The Art of the Thank You Page
Attention Marketers! Do you sell something or collect leads on your site? Thought so. I bet you've spent a lot of time designing paths to convert visitors into leads or sales.
If I were to ask you who were your highest value prospects, you would tell me, “The people who have taken a step down one of those paths by filling out a lead form.”
Most marketers spend hours, days, weeks & months optimizing landing pages to convince more people to fill out forms, but invest far less effort to optimize the thank you page and the user experience beyond it.
Consider for a moment that if you have built a solid lead generation page that is compelling enough to get five percent of visitors to download a white paper, only 50 of one thousand visitors ever get to the thank you page, but those who do are your most valuable prospects.
Make certain that your thank you page treats your most valuable prospects the right way.
I visited a provider of cloud services infrastructure and downloaded a riveting white paper called 5 Ways Cloud-Integrated Storage Reduces Costs.
Even though a great deal of effort and expense had been expended to create this white paper, it downloaded without even sending me to a thank you page, suggesting additional content, or giving me a way to inquire without scrolling to the footer of the second page of the report.
The company did not acknowledge in any way that I had downloaded the report. I visited the site of a large CPA firm and signed up for its newsletter. Once I did the email opt in, I went to this thank you page:
Although the content on this CPA’s site is engaging and professional, he is missing an opportunity to make the most of the people who are ready to connect with him and his firm in a deeper way. His thank you page could let prospects know that he will soon be sending them the latest issue and a guide to other free information on the firm’s site.
I visited a leading firm providing chain of custody services and other specialized courier services. Here is a part of the page that firm sent me to when I filled out a lead generation form for one of their white papers:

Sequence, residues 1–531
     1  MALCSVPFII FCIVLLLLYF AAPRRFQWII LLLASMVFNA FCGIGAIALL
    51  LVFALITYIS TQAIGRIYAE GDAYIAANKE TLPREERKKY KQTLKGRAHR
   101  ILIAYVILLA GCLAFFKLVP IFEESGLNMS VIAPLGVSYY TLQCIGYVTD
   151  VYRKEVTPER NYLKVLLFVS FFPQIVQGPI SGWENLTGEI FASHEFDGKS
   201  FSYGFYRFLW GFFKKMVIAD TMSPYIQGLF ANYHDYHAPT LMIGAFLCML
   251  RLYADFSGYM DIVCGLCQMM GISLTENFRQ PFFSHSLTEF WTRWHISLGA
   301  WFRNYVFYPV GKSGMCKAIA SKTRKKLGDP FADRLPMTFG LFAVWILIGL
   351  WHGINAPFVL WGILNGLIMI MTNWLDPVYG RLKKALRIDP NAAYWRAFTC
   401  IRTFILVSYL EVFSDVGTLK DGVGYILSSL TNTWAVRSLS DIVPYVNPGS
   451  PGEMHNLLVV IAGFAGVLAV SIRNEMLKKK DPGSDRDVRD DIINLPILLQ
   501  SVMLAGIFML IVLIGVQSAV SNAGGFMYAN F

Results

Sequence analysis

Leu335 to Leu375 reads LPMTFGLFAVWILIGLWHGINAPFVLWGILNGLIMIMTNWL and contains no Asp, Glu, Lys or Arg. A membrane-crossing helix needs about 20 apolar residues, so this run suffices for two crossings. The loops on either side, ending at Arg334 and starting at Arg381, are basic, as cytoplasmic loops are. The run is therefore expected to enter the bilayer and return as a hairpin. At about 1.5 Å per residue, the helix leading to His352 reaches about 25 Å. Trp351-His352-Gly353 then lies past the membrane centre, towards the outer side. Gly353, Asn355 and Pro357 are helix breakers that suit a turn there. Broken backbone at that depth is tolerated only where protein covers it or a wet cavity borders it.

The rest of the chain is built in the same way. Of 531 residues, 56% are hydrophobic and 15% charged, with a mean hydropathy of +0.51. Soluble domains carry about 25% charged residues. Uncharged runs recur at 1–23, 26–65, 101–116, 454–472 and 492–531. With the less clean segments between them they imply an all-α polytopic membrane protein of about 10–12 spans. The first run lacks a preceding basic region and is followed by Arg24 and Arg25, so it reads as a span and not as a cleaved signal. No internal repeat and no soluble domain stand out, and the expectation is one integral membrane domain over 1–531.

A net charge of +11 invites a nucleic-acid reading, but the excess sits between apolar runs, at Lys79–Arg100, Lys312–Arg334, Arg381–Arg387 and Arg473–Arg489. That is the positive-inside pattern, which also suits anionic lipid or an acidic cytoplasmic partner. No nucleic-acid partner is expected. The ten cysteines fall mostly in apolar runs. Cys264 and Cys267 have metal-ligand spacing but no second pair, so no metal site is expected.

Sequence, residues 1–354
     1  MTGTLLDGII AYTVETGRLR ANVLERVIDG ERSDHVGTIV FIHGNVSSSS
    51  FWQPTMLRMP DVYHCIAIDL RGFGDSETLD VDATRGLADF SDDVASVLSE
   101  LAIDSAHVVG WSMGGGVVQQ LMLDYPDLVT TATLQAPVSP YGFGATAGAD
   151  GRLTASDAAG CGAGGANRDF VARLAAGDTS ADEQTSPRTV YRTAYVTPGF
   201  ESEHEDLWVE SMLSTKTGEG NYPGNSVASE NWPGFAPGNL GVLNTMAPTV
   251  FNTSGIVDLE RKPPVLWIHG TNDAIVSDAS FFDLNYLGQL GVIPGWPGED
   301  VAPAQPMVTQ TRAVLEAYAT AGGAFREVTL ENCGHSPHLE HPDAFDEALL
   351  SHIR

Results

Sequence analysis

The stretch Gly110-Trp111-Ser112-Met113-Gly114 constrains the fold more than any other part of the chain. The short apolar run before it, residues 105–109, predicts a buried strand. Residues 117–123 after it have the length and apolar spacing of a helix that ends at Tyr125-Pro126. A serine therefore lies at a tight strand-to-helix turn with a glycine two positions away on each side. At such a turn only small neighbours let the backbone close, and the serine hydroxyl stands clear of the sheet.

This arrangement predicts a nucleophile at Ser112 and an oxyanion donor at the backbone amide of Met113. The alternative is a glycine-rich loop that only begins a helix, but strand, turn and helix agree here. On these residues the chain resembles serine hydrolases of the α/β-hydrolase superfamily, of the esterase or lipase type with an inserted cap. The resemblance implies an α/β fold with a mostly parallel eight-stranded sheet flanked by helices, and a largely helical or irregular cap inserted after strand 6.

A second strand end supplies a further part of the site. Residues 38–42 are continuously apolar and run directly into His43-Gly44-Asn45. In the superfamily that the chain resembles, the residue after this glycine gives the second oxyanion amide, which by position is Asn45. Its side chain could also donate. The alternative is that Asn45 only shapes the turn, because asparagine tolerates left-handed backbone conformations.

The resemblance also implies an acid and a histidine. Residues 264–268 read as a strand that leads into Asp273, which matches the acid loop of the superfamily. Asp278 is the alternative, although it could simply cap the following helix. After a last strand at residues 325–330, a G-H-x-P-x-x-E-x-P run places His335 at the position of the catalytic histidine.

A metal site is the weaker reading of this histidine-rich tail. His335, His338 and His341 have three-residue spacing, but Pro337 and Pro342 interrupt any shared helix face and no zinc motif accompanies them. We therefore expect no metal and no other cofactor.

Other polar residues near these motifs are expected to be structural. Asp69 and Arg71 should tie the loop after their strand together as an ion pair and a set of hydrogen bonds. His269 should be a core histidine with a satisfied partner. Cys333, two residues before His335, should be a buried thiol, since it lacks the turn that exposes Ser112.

Now that I have expressed interest, this courier company does seem to want to talk to me, but under their terms. An additional nine-box form is a precondition of a conversation. This courier is making it hard for prospects to talk to them at a point when they have already taken a step to engage by trying to dictate when and how the next conversation will take place. Instead, this thank you page should offer options.
There should be a phone number to call an expert and the tone and substance of their thank you page should be friendlier. They should do better than offering a generic email address to those who are having problems getting the white paper.
Making the path so narrow and placing control with the company communicates a lack of interest in service and a lack of urgency in solving problems. Neither will make an inquiry warmer.
So what should your thank you page include?
- It should actually thank people and acknowledge the step that visitors have taken to engage.
- It should include additional suggested content that makes sense based upon the conversation that has taken place.
- It should promote social channels to invite deeper engagement and to turn prospects into fans.
- It should be clear about the next steps that will happen next.
Relationships start on the thank you page. Your thank you page is your first chance to impress someone who has placed trust in you. Make yours worthy of the King of Rock and Roll.
I hope this post has motivated you to reexamine your thank-you pages. Let our thank you post recommendations be a starting point. Here are some additional tips from Bruce Clay, User Experience Expert, Sandra Niehaus and GetElastic’s Linda Bustos to help you create superb thank you pages.
Thank you… Thank you very much.
Dan Golden is the President and Chief Search Architect with Be Found Online in Chicago. You can find Dan on Google+.